RR: First, most books written in the nonprofit sector, like most business books, treat one topic, such as board development or assessment or grant writing. When I was consulting with nonprofits, I found that it was often my ability to help clients see the connections between activities like strategic planning and board development and grant writing that really gained the client a quantum leap in their thinking and approaches. In fact, clients would hire me for one thing and soon we’d move into other areas that came up as a result. It was that agility and breadth of understanding that I developed in my own career in nonprofits as an intern, grant writer, development and marketing directors, and then as an executive director that I realized made an organization go from “good to great,” to use Jim Collins’ phrase. I wanted to share this integrated knowledge with many more organizations than I was able to do one at a time. Also, because I’m no longer consulting with nonprofits, I was free to include all my methods and templates and so on that I wouldn’t have when I was consulting because I was still using that material to earn my living. It was an incredible luxury for me to be able to do that.
KR: Wow, that sounds great. How would you suggest using the Guide and the Workbook together?
RR: How people use the Guide and the Workbook I think depends on their experience level in the nonprofit sector. For example, a seasoned executive director would use Nonprofit-Knowhow more as a reference tool, so the Guide they could look up in the index something and just get a check on how to do something or just sort of ground themselves with maybe even an idea about that. But they would also use the Workbook as a place to get templates for things that that executive director already knows they need, such as personnel policies. All experienced executive directors know that those are important so they wouldn’t necessarily need the explanation for that provided in the Guide but the sample personnel policies in the Workbook could save that same executive director a lot of time. On the other hand, a new board member would find the Guide a really important teaching tool, and an ED could use it to help orient and explain many important issues that are specific to the nonprofits. For example, why is fundraising an important asset to the nonprofit rather than a burden or an encumbrance, which many for-profit board members coming across to serve really don’t understand.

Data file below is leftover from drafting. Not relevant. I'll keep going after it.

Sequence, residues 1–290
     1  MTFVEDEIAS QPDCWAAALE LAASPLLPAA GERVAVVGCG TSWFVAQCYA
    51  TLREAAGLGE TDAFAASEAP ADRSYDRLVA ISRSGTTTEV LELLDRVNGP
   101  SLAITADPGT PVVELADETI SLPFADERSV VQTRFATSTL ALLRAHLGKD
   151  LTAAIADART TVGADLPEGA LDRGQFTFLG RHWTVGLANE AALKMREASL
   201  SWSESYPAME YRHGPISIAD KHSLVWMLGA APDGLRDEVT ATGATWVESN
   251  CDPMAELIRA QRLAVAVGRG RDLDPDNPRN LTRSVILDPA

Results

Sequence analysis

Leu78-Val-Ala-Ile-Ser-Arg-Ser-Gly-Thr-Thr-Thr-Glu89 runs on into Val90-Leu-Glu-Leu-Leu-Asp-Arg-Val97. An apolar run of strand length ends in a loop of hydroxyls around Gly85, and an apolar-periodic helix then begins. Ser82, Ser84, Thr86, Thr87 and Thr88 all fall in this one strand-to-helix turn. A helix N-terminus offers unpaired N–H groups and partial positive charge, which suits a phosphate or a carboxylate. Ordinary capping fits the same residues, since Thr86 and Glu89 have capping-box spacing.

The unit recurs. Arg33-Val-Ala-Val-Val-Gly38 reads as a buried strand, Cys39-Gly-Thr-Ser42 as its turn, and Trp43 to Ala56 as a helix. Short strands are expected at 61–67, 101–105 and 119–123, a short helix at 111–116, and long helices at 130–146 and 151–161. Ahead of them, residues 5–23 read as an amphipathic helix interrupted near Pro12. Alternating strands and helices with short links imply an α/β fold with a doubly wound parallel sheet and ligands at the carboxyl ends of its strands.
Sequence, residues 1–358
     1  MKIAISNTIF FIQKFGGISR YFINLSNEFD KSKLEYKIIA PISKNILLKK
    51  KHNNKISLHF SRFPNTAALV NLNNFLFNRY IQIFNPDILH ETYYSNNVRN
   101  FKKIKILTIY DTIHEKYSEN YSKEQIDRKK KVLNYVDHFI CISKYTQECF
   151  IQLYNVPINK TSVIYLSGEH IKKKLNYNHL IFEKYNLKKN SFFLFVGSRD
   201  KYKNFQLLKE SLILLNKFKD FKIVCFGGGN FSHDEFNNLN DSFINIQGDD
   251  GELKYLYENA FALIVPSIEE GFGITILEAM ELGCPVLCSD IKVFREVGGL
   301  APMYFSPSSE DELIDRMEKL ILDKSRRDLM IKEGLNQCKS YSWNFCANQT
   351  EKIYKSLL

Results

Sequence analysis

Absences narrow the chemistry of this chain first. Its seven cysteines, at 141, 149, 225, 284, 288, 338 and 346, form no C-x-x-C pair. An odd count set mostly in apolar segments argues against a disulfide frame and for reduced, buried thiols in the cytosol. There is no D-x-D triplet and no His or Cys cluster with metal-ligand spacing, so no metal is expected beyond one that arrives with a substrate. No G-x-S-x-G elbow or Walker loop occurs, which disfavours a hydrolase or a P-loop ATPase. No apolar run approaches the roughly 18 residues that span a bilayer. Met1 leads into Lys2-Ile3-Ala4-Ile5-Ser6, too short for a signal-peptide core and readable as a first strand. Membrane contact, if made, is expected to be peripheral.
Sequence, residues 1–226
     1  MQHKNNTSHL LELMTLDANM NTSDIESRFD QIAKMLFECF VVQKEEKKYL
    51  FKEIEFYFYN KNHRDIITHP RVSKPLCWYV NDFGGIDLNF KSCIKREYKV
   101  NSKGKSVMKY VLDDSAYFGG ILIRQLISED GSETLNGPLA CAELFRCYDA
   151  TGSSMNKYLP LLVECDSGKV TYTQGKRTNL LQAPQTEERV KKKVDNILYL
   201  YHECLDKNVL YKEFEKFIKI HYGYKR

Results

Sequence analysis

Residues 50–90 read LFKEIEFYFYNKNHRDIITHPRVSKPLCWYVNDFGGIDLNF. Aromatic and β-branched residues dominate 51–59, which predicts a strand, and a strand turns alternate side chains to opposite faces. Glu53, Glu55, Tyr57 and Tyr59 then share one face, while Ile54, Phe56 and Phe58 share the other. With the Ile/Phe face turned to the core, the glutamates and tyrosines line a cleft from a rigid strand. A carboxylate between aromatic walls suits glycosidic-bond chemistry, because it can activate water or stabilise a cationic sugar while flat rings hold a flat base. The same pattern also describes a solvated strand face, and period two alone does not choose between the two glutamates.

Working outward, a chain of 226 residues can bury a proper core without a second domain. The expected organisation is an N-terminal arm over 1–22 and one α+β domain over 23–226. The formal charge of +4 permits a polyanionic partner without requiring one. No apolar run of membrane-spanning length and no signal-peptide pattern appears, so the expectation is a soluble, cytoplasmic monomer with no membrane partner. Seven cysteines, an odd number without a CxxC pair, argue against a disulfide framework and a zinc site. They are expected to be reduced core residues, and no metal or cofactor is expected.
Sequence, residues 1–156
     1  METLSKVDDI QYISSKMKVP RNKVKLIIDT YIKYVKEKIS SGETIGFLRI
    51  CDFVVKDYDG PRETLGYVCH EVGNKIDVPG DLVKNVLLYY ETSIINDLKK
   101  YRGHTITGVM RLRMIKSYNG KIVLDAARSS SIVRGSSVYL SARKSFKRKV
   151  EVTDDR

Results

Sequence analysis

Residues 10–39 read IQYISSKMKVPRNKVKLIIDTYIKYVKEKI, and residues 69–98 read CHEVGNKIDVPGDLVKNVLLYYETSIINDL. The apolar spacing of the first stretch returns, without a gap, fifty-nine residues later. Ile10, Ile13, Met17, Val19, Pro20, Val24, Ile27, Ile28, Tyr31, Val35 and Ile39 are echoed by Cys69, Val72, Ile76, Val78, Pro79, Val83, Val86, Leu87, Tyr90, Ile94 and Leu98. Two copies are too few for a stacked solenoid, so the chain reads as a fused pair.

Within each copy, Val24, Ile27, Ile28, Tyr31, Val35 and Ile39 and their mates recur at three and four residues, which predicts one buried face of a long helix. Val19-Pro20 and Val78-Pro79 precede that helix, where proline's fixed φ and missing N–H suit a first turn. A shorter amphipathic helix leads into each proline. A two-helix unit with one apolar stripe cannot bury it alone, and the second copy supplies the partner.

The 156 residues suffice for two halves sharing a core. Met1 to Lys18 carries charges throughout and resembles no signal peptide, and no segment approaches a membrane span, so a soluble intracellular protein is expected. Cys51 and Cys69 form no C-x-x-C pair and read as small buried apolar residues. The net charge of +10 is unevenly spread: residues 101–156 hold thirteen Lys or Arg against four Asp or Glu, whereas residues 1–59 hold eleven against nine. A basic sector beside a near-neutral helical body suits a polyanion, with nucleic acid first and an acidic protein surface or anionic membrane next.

KR: Thank you so much for giving us this preview. How can we get Nonprofit-Knowhow and follow you?
RR: Nonprofit-Knowhow is available on the Nonprofit-Knowhow website. There I also a lot of other material to support nonprofits on the site, including our blog, Nonprofit Navigator, where we feature guest bloggers as well. Nonprofit-Knowhow is available on Amazon, too. We have a Facebook page, a LinkedIn page and our Twitter handle is @NPOKnowHow. We love connecting with new nonprofits and others supporting the important work they do, so we hope that people will check us out.
KR: Rebecca, this has been a great insight into your materials. For more on Rebecca Reynolds and related topics, visit us at www.causeplanet.org. Thanks again.